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Super tender without the foil?

post #1 of 17
Thread Starter 
Hey Gang,

Just completed my second rib smoke this weekend, much better than the first! I was overly worried about fussing with things the first time, and they were way over done...nuff said. This second time though, the ribs were really juicy and tasty. But, after almost 6 hours in the smoker, they were tender, but not falling off the bone.

Back in the dark days of my ignorance, I used to put raw ribs (yes, membrane still attached - ugh) into a roaster with a commercial bbq sauce and leave them for 5 or so hours in the oven. They came out really falling off the bone, and, funny enough, I got a lot of compliaments on them too! Anyway, with my MES (actually a Centro) and some decent prep, I've managed some decent ribs, and I personally am happier with the results.

My question of the day though, is there a way to make them that much more tender (pull them off the bone with your fingers) without wrapping them in foil? I can't imagine a bbq restaurant, responsible for hundreds of racks of ribs per day in some cases, taking the time to wrap them all in foil, but maybe I'm wrong. Some of you out there, like Ron P. for instance, are or were bbq 'professionals' or restauranteurs, or what have you, perhaps you could chime in on this. I know the 3-2-1, or 2-2-1 as the case may be, is tried and true, but if I can get away without that added bit of fuss I'd like to try it.

Thanks all, and happy smoking,

post #2 of 17
It is really just cooking them low and slow. I spray my ribs with apple juice every hour or so and never wrap them. They are always tender, and juicy. One trick I learned is to put the curve up. you get a nice little place for liquid to pool. It seems to help me keep them moist.
post #3 of 17


So it seems the new consensus is no foil. I have done both and did not see a great difference. I am still experimenting with the foil pan.
post #4 of 17
I'm still a fan of the old "texas crutch".
Especially when doing a smoker full of ribs, it helps with a consistant product. Gives me a bit more flexibility as far as time goes.
You can't dry them out by overcooking if they are wrapped.
If I were doing just a few racks, and I'm not under a time crunch to have them ready at a certain time, I might consider not foiling.

Really, both methods have their upsides..just like the way a little braising mid smoke works. Then I can slap on a little sauce if I want and dry them back out to the texture I like.

..to each his own
..wouldn't be any fun if there were only one way to make good BBQ : )
post #5 of 17
Thread Starter 
I guess I should leave them on a bit longer, or turn up the temp a bit right at the end? Sorry, 'put the curve up'? Not sure what that is...
post #6 of 17
Thread Starter 
Experiment is the word, except I don't think scientists pack on the pounds the way I do! Try try again.... :)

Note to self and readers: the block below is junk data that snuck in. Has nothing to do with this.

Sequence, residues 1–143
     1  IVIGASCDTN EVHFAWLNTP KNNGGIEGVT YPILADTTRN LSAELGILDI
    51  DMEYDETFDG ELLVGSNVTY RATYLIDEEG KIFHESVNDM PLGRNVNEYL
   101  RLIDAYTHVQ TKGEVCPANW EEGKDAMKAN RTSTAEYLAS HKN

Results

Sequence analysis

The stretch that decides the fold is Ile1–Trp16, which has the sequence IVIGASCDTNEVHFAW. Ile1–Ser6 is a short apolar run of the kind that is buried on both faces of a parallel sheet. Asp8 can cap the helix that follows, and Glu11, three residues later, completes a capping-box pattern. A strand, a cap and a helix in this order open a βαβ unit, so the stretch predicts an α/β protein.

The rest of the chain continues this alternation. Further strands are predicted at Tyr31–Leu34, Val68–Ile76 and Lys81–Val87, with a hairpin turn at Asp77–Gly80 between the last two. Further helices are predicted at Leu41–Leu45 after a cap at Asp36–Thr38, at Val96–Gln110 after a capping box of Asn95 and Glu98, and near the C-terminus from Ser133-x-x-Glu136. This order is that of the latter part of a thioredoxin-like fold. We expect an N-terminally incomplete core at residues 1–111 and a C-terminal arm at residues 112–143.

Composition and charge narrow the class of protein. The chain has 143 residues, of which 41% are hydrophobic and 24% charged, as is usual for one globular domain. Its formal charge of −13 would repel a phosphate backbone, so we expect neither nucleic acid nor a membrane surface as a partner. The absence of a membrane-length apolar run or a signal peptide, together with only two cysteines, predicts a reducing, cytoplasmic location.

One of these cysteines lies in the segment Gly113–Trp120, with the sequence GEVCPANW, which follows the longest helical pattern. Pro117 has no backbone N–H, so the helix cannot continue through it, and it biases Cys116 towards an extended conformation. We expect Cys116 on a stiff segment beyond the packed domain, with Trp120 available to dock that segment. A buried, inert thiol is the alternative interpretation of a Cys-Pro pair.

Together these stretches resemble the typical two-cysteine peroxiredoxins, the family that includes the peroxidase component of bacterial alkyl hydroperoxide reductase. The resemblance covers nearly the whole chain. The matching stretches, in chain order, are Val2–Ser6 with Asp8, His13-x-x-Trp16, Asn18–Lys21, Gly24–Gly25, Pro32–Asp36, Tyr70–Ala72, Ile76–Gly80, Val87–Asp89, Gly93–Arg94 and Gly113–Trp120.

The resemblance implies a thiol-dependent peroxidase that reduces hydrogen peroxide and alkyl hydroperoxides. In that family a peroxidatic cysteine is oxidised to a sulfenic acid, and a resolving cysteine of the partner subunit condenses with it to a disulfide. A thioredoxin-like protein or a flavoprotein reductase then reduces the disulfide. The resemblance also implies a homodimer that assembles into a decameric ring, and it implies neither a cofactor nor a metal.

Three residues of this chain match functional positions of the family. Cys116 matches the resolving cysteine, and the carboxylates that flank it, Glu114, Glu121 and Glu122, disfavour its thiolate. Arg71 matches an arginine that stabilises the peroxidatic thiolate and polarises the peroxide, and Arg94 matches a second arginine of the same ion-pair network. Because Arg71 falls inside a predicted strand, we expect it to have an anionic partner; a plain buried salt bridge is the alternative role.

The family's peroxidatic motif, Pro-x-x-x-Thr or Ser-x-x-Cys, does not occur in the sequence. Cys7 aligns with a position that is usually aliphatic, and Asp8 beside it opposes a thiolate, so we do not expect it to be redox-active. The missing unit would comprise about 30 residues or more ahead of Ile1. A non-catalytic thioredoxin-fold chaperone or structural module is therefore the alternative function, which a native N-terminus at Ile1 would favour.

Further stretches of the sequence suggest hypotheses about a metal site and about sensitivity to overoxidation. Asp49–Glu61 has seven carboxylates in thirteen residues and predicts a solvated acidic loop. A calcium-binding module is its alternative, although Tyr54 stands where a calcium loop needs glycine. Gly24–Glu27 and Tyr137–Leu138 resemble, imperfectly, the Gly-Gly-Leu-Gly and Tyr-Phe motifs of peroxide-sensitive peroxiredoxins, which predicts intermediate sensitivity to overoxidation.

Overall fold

post #7 of 17
Thread Starter 
I think the batch that I will do this coming weekend will be unfoiled since I have the time to babysit them anyways, and on the final mopping I'll add one part bbq sauce to three pts apple juice, then let the coating 'gum up' for a half hour or so...

BTW, you Foodies are an evil lot....thanks for the advice!

post #8 of 17
The ribs have a natural curve. Babies have a much more pronouced curve. How about this then, the membrane side (membrane removed of course) side up.
post #9 of 17
Thread Starter 
Conversely, meat side down, gotcha!
post #10 of 17
You could also marinade them in apple cider first.
post #11 of 17
We would stand them up by the case in a square head pan with some water and liquid smoke for the braise.icon_eek.gif

High heat for 1/2 hour then covered for a few hours at 250' till you could slip your finger between the bone and they were pulled back some. Refridgerated till served, then sauced and back in the salamander for heat, then under the broiler for a quick finish.

Hope this helps.
post #12 of 17
Amen, Brother!PDT_Armataz_01_34.gif
post #13 of 17
when i do spares, i do them for about 7 hours at 225*, no foil. nice and tender with a good bark too!
post #14 of 17
True dat!

It's April. BBQ "season" is just starting. You've got all spring, summer (and fall) to experiement on your "secret" recipe.

FWIW, I used to wrap my ribs. I no longer mess with the foil.
post #15 of 17
There seems to be a lot of responses on this post, and I havent read them all, but I used to work at Texas Roadhouse when I was in High School.

Even to this day, I still think they have some pretty darn good ribs.

Anyways, there method is to scor the ribs, then apply rib rub to them. They then go into a "Full Pan" (Restaurant size metal pan), they then add liquid smoke and water and put 8 racks of ribs to a pan. They then covered them with a layer of heavy duty plastic wrap, and then two layers of aluminum foil.

The ribs cooked over night at a pretty low temp. I dont recall the exact times or temp. Thats what experimenting is for.

They hen get individually wrapped in plastic wrap and then thrown on the grill when a customer orders them.

They heat them until the bones are bubbling on the ends and then apply bbq sauce and turn.

Thats how they are able to do it.

Still like "foiling" but 8 to a pan.
post #16 of 17
My version of foiling is a large foil pan. Two to three slabs fit nicely. Add 1/4 cup of liquid of choice for steam and cover the pan with foil. Works every time and not nearly the mess of foiling each slab.
2 cents...
post #17 of 17
I tried the foil pan thing last week. I must say its not as messy and time consumming as individually foiling and unfoiling each slab. The fun part for me will the effects of various foiling times. 30 minutes vs 1 hour vs 1.5 hours (for baby backs).
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